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Sunday, 18 September 2016

What is Incremental Backup in SQL? Difference between Full, Differential, and Incremental Backup

An incremental backup is a type of backup that only copies files that have changed since the previous backup.
For example, if a full backup was performed on Monday, Tuesday's incremental will back up all changed files since Monday's backup. However, Wednesday's incremental will only back up files that have changed since Tuesday's incremental backup and so on until another full backup is performed.

Sometimes you might hear people talk about full backups, and differential backups versus incremental backups. What is the difference?
A full backup is pretty self-explanatory. It makes a copy of all of your MySQL data.
A differential backup, on the other hand, simply records the differences since your last full backup. The advantage of taking a differential backup is usually the space savings. Most databases have a lot of data that does not change from one backup to the next. Not copying this data into your backups can result in significantly smaller backups. In addition, depending on the backup tool used, a differential backup can be less labor-intensive for the server. If a differential backup does not have to scan all of the data to determine what has changed, the differential backup process can be significantly more efficient.
An incremental backup is a modification of a differential backup. An incremental backup records the changes since the last backup of any type, be it a differential or full backup. The advantages of incremental backups are similar to those of differential backups.
Here is an example that might explain this more clearly. Suppose that you take a full backup on Sunday. On Monday, you make a backup of all the changes since Sunday. This is a differential backup.
On Tuesday is when you begin to see the differences between the backup strategies. If you back up the changes since Sunday, then you have made a differential backup. If you back up the changes since Monday, it is an incremental backup.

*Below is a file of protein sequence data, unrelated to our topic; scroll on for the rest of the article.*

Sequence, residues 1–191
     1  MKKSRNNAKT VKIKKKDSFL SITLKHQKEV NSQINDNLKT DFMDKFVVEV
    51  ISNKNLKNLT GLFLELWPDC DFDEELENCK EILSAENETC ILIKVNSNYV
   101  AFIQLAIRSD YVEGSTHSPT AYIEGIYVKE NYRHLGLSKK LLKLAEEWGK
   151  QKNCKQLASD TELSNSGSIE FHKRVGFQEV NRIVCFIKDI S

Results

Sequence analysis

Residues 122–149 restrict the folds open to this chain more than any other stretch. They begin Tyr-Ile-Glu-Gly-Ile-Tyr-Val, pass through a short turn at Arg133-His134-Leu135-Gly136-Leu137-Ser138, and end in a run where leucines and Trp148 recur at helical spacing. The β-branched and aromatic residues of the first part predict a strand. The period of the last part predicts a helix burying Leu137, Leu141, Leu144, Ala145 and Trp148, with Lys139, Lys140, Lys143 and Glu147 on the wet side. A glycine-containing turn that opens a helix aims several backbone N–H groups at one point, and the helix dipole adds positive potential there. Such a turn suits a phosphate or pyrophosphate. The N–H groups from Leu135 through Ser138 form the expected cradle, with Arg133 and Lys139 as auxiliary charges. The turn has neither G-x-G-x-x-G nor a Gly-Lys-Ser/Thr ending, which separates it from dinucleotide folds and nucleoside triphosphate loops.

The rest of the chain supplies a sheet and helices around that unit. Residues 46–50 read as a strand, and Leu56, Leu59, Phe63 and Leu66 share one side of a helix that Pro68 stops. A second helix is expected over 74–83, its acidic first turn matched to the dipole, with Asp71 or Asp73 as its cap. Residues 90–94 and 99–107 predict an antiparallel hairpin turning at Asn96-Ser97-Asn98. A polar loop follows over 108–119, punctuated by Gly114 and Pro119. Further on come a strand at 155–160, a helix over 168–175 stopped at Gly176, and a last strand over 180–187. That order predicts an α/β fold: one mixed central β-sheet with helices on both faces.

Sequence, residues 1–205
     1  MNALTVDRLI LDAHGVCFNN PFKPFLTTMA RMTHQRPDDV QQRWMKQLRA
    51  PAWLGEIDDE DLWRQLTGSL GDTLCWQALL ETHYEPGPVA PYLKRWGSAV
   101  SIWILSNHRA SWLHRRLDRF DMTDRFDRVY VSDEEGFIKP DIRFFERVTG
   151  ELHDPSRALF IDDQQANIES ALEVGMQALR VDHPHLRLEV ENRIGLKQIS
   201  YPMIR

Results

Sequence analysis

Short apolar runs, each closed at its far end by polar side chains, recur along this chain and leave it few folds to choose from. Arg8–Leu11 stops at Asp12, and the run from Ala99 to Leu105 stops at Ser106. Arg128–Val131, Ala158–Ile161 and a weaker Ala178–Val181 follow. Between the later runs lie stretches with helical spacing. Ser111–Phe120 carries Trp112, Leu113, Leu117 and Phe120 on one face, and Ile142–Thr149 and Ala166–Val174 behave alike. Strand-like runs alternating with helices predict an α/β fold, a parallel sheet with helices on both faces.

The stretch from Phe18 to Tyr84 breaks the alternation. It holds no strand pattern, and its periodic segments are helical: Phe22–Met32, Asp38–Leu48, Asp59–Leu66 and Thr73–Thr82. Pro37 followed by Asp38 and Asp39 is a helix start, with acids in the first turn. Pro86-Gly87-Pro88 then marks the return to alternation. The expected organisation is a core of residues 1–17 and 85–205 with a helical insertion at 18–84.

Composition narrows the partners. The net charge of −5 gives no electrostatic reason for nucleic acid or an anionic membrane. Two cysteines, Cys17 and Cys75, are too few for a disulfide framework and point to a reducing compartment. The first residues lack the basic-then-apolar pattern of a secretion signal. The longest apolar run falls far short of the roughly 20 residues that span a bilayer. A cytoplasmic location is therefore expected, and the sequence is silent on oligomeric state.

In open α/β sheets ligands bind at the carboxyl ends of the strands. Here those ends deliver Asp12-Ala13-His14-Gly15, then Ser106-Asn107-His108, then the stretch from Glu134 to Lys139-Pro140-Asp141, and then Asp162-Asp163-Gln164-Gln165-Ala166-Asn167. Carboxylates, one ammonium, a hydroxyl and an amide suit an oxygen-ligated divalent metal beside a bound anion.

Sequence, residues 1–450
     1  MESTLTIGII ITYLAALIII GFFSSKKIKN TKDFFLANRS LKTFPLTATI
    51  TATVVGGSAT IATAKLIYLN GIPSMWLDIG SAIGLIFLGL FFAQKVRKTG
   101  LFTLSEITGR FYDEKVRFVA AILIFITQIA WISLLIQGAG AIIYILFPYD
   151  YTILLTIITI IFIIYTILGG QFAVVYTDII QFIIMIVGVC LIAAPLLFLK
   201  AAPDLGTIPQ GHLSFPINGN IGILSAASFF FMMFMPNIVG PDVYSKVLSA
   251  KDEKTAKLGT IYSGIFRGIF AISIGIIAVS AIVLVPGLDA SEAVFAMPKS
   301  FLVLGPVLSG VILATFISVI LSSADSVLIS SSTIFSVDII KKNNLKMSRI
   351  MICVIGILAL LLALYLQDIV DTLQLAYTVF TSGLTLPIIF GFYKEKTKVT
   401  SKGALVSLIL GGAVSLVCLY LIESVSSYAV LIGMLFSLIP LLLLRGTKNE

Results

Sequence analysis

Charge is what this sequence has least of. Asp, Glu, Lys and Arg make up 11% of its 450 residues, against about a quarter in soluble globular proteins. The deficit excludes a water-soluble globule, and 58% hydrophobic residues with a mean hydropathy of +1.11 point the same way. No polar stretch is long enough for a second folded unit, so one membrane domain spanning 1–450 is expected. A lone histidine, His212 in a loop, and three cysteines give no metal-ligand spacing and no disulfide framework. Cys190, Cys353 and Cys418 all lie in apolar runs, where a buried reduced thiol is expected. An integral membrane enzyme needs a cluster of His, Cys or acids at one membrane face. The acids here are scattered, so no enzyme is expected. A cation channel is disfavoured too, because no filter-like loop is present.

Why would you choose an incremental versus a differential backup? That is a little bit out of scope for this blog post, because there are a lot of subtleties to consider. However, perhaps the biggest difference is in the way that you would restore a backup. Suppose that you need to restore your database on Friday. If you have taken differential backups all week long, you only need to restore Sunday, and then apply the changes that have happened since Sunday. If you have taken incremental backups, you must restore Sunday’s backup, and then apply changes repeatedly until you reach Friday. This can be more labor intensive, error-prone, and risky. It can also take longer.
Percona XtraBackup is capable of taking incremental backups, and when you specify the base backup as the previous incremental or full backup, you can easily make differential backups.


Difference between: Full, Differential, and Incremental Backup

Type Definition Benefits Drawbacks
Full Backup: A complete backup of everything you want to backup. Restoration is fast, since you only need one set of backup data. The backing up process is slow.
High storage requirements.
Differential Backup: The backup software looks at which files have changed since you last did a full backup. Then creates copies of all the files that are different from the ones in the full backup.

If you do a differential backup more than once, it will copy all the files, or parts of files that have changed since the last full backup, even if you already have identical copies of those files in a previous differential backup.

For restoring all the data, you will only need the the last full backup, and the last differential backup.
Faster to create than a full backup.

Restoration is faster than using incremental backup.

Not as much storage needed as in a full backup.
Restoration is slower than using a full backup.

Creating a differential backup is slower than creating an incremental backup.
Incremental Backup: The backup software creates copies of all the files, or parts of files that have changed since previous backups of any type (full, differential or incremental).

For example if you did a full backup on Sunday. An incremental backup made on Monday, would only contain files changed since Sunday, and an incremental backup on Tuesday, would only contain files changed since Monday, and so on.
This method is the fastest when creating a backup.

The least storage space is needed.
Restoring from incremental backups is the slowest because it may require several sets of data to fully restore all the data. For example if you had a full backup and six incremental backups. To restore the data would require you to process the full backup and all six incremental backups.